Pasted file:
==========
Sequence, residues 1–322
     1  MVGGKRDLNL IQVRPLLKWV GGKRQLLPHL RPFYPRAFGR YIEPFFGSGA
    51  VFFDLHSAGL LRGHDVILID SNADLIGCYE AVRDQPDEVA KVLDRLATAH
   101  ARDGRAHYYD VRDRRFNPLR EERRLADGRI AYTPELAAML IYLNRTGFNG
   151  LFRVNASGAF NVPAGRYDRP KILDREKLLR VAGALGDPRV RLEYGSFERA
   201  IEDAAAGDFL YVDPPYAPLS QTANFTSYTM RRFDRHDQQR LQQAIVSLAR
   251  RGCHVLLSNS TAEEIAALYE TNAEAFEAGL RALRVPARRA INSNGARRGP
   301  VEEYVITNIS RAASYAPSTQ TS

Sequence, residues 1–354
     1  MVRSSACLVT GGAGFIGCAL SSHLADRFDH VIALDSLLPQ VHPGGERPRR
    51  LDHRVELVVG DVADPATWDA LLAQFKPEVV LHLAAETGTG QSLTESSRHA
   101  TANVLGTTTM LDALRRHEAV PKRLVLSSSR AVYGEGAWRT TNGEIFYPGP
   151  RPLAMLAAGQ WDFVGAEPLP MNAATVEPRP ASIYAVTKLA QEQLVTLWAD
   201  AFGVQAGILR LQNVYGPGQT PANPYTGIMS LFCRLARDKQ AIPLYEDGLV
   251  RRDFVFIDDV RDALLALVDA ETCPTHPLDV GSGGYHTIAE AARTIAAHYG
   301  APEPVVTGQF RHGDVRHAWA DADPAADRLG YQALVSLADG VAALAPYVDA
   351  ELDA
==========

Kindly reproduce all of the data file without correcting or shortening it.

Sequence, residues 1–322
     1  MVGGKRDLNL IQVRPLLKWV GGKRQLLPHL RPFYPRAFGR YIEPFFGSGA
    51  VFFDLHSAGL LRGHDVILID SNADLIGCYE AVRDQPDEVA KVLDRLATAH
   101  ARDGRAHYYD VRDRRFNPLR EERRLADGRI AYTPELAAML IYLNRTGFNG
   151  LFRVNASGAF NVPAGRYDRP KILDREKLLR VAGALGDPRV RLEYGSFERA
   201  IEDAAAGDFL YVDPPYAPLS QTANFTSYTM RRFDRHDQQR LQQAIVSLAR
   251  RGCHVLLSNS TAEEIAALYE TNAEAFEAGL RALRVPARRA INSNGARRGP
   301  VEEYVITNIS RAASYAPSTQ TS

Sequence, residues 1–354
     1  MVRSSACLVT GGAGFIGCAL SSHLADRFDH VIALDSLLPQ VHPGGERPRR
    51  LDHRVELVVG DVADPATWDA LLAQFKPEVV LHLAAETGTG QSLTESSRHA
   101  TANVLGTTTM LDALRRHEAV PKRLVLSSSR AVYGEGAWRT TNGEIFYPGP
   151  RPLAMLAAGQ WDFVGAEPLP MNAATVEPRP ASIYAVTKLA QEQLVTLWAD
   201  AFGVQAGILR LQNVYGPGQT PANPYTGIMS LFCRLARDKQ AIPLYEDGLV
   251  RRDFVFIDDV RDALLALVDA ETCPTHPLDV GSGGYHTIAE AARTIAAHYG
   301  APEPVVTGQF RHGDVRHAWA DADPAADRLG YQALVSLADG VAALAPYVDA
   351  ELDA